April 5, 2012 / 6:17 PM / 6 years ago

TEXT-S&P raises Phoenix Cos ratings

April 5 - Overview	
     -- We believe that Phoenix will have more than adequate resources to meet 	
its near-term obligations, including interest expenses on debt outstanding and 	
other operating expenses.	
     -- We raised the counterparty credit rating on holding company Phoenix 	
Cos. Inc. to 'B-' from 'CCC+' and affirmed the financial strength ratings on 	
subsidiaries at 'BB-'.	
     -- The outlook is stable, reflecting the group's improving financial 	
Rating Action	
On April 5, 2012, Standard & Poor's Ratings Services raised its counterparty 	
credit rating (CCR) on The Phoenix Cos. Inc. (NYSE: PNX) to 'B-' from
'CCC+'. At the same time, Standard & Poor's has affirmed its financial strength 	
ratings (FSR) on subsidiaries Phoenix Life Insurance Co. (PLIC) and PHL 	
Variable Insurance Co. (collectively known as Phoenix) at 'BB-'. The outlook 	
on the ratings is stable.	
The upgrade reflects our belief that Phoenix has more than adequate resources 	
at the holding company to service its near-term obligations, including 	
interest expenses on debt outstanding and other operating expenses. The 	
holding company's interest expense for 2011 was $20.4 million and the holding 	
company has approximately $92.6 million of liquid resources, including $52.5 	
million of cash. The combination of cash and liquid assets at the holding 	
company should provide more than adequate resources to service debt in the 	
near term.  	
Moreover, Phoenix's statutory dividend capacity for 2012 is $72 million, 	
allowing the operating company to dividend additional funds to the holding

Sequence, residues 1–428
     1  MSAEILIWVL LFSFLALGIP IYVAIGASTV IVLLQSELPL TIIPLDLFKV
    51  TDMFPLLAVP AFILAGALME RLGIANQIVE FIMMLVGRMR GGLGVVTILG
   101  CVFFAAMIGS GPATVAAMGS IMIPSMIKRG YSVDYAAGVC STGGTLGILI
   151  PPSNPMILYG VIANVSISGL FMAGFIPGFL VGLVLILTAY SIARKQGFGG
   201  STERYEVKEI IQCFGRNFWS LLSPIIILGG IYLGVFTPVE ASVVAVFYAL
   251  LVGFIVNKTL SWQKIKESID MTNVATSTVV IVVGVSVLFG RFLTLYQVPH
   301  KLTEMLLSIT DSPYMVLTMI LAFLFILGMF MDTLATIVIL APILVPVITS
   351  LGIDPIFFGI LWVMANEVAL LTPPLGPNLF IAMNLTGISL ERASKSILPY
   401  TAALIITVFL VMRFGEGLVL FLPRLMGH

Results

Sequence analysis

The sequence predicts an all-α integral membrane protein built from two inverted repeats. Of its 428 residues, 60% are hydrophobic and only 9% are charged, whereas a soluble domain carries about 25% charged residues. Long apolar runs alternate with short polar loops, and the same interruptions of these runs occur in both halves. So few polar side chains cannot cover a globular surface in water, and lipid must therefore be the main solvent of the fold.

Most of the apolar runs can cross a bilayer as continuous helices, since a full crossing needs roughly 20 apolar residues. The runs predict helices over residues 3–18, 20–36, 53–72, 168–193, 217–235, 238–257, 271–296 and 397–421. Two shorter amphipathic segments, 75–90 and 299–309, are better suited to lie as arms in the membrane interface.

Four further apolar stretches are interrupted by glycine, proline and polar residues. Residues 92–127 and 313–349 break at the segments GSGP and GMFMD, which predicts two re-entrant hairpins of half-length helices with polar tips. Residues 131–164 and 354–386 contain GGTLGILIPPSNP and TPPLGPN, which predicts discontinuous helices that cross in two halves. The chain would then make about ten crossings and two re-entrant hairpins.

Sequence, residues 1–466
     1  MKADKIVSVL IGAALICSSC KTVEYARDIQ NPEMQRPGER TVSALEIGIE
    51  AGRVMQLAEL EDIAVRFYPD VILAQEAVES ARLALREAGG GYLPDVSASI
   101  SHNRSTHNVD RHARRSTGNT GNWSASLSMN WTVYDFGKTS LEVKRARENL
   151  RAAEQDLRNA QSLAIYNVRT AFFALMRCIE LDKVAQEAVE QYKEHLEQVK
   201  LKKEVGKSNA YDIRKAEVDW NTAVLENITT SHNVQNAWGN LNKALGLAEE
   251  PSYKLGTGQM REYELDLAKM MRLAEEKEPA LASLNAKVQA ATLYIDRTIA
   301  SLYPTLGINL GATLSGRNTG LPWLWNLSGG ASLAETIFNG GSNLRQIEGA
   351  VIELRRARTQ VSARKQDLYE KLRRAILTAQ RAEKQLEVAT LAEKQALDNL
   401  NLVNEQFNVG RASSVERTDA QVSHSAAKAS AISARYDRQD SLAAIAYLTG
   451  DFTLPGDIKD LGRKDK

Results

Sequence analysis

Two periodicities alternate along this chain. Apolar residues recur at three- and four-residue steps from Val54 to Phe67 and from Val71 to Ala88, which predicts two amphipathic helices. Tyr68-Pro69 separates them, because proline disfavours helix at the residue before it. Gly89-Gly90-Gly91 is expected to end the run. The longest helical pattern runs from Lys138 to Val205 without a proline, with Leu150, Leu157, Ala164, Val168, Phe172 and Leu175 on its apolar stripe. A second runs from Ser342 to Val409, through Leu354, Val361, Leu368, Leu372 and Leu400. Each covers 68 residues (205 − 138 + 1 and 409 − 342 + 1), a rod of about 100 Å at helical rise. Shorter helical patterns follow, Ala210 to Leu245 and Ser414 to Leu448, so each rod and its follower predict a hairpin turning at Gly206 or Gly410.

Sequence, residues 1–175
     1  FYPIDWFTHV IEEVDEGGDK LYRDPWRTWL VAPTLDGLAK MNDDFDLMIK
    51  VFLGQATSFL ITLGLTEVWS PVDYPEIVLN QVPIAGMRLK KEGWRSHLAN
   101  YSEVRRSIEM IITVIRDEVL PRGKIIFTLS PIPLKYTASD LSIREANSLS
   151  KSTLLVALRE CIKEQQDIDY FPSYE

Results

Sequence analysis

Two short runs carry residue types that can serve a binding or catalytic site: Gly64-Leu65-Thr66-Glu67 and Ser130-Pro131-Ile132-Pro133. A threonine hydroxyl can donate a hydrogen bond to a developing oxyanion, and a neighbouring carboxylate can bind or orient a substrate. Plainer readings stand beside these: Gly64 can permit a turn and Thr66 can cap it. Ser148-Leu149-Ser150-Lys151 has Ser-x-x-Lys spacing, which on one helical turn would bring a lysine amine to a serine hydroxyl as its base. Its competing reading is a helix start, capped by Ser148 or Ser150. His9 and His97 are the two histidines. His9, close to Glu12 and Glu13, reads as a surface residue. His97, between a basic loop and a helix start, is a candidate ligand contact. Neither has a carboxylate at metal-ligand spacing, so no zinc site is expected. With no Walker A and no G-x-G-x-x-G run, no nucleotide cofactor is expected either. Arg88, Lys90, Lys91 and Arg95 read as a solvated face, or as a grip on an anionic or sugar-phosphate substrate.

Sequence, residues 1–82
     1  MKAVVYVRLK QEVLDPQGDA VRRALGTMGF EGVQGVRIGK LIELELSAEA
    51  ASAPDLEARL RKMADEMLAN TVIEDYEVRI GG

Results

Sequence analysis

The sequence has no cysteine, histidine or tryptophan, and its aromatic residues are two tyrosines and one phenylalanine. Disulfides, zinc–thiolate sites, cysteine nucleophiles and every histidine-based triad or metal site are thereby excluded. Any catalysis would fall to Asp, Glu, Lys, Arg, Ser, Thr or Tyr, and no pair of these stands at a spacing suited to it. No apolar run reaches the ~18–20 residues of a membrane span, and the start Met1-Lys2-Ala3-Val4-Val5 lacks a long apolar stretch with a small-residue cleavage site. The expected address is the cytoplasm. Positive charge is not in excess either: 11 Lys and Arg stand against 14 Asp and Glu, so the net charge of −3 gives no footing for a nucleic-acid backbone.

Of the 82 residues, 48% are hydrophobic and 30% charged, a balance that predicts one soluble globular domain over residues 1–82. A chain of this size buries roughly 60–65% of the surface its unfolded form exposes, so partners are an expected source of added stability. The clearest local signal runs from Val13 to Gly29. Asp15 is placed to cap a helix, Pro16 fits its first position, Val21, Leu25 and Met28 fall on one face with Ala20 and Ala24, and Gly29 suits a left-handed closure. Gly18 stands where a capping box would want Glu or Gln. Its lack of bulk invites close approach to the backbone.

company without prior regulatory approval. Phoenix is domiciled in New York 	
and dividend capacity is calculated by taking the lesser of either 10% of 	
total capital and surplus, or net gains from operation. We expect Phoenix to 	
continue to produce positive statutory net gains from operations as a result 	
of its profitable and sizable regulatory closed block, though new sales strain 	
could partially offset earnings on the in-force business and gradually run-off 	
the closed block.	
Phoenix's National Association of Insurance Commissioners (NAIC) risk-based 	
capital (RBC) ratio of 363% is good, but our view of capital is diminished by 	
our view of double leverage, which includes unfunded pension benefit 	
obligations. Phoenix's generally accepted accounting principles (GAAP) fixed 	
charge coverage was 2.4x at year-end 2011, an improvement from 0.2x the 	
previous year. Statutory fixed charge coverage improved to about 3.3x in 2011 	
and we expect a similar level going forward. Debt leverage, including our 	
adjustment for unfunded post-employment obligations, was 33% at year-end 2011.	
The stable outlook reflects our view that Phoenix's financial profile is 	
stabilizing and incrementally improving, mainly because of improving operating 	
performance and the continuous strengthening of its capital base, as measured